Major League PR Pitching Tips

The 2011 Major League Baseball Playoffs are under way. Which got us wondering about how the word “pitch” came to be a way to describe “selling a story idea” to an editor. To our surprise, it actually has a nautical origin – to spin a yarn. Read more here on The Phrase Finder (warning this site is a huge distraction and potentially addicting).

How to pitch to traditional (yes, paper) magazines and not strike out.

A four seam fast ball  – A fastball can’t rise unless it’s thrown underhand. But if you throw the fastball overhand with enough force, it will appear to rise because it’s not dropping as much as the batter’s brain thinks it should.

How to pitch it -Pitch the front of the book and editor pick’s section for fast new product mentions and placements. Remember, new is the operative word and long lead works three to six months out, so pitch ahead of time.

A three finger change up – A three-finger change up is a good off-speed pitch for those who do not have big hands (or well-known clients).

How to pitch it –Pitch for inclusion in feature (spreads) stories – to have your client, product or launch mentioned in a bigger feature among more established company. Pitch the bigger story and find two or three competitors for the writer to include in the feature. Remember it takes three to make a trend.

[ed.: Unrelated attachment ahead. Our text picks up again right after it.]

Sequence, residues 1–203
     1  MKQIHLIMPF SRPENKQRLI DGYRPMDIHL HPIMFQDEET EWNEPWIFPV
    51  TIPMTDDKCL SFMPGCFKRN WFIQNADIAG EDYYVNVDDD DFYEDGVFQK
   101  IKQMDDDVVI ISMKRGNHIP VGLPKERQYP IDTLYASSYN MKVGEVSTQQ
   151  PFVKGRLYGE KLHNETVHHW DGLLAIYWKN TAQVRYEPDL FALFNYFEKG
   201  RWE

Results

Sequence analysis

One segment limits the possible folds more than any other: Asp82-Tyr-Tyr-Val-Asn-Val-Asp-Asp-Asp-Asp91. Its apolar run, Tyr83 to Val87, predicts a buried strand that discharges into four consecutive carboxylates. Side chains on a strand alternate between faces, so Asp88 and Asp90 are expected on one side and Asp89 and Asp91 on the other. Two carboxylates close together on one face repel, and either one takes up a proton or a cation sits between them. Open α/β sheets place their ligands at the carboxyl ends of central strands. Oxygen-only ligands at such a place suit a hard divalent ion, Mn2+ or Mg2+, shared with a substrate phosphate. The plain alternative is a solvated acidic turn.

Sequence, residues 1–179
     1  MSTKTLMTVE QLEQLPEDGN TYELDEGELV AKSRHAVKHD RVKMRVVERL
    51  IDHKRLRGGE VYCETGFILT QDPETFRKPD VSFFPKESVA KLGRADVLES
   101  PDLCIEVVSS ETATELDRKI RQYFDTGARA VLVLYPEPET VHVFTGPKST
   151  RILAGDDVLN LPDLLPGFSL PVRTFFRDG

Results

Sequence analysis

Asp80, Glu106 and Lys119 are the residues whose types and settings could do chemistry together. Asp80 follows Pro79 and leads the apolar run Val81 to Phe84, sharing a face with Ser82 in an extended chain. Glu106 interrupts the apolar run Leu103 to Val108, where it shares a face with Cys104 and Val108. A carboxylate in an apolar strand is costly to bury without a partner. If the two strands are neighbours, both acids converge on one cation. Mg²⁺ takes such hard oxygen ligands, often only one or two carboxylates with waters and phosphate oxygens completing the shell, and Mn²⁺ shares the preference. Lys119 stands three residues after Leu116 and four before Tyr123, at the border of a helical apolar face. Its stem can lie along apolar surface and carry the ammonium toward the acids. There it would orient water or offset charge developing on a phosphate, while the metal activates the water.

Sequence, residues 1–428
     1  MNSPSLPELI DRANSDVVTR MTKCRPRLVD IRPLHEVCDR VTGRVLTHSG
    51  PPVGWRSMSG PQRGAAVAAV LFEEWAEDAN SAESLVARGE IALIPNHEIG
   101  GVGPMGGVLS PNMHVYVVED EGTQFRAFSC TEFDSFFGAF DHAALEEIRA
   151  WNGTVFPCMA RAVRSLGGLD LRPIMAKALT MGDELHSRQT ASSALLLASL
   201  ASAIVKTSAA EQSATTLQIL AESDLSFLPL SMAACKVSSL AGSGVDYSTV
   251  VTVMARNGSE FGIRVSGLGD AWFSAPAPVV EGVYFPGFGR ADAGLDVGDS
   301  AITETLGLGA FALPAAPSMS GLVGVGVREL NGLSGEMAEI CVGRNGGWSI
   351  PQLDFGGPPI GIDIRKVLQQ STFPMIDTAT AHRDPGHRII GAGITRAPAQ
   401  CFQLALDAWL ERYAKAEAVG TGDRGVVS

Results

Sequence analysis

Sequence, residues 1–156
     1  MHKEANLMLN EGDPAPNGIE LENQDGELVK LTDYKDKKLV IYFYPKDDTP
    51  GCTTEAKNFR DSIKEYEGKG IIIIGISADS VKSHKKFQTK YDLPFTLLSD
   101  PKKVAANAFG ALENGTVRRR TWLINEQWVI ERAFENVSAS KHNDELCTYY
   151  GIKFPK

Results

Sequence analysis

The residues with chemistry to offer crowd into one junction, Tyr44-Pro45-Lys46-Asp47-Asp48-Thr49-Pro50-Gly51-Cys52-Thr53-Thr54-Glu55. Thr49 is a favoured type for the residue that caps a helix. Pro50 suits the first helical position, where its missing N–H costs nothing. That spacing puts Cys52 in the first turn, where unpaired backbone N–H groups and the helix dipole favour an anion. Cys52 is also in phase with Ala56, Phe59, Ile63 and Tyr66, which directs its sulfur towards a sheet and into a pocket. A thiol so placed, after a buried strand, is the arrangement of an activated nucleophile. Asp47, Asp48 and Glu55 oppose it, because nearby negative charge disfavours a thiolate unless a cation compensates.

A palm ball – The palm ball (sometimes called a palm ball or four-finger change up) is one of two or three variations of the change up. It’s an off-speed pitch. Note: A palm ball is gripped by essentially choking the baseball deep in your hand and wrapping all of your fingers around the baseball. The deeper the grip, the more friction that is created on the ball, which takes off velocity.

How to pitch it –This is a pitch with a twist, perhaps it’s an exclusive, a “charticle”, an infograph or  a story designed to stand out from the rest of the page. And don’t forget, it could be crafted into a side bar story.

The curve ball – The arm action on this pitch is a little abbreviated at the end. Instead of getting a nice long arc of deceleration and finishing throwing elbow outside of your opposite knee (as with your fastball), you’ll want to bring your throwing-hand elbow to the opposite hip. This, of course, shortens your follow through, but allows you to really snap off the pitch.

How to pitch it –Maybe it’s a futuristic “trend story”, an emerging celebrity or artist interview or perhaps a controversial look at a hot topic,  remember, it’s a curve ball.

Pitches courtesy of The Complete Pitcher.

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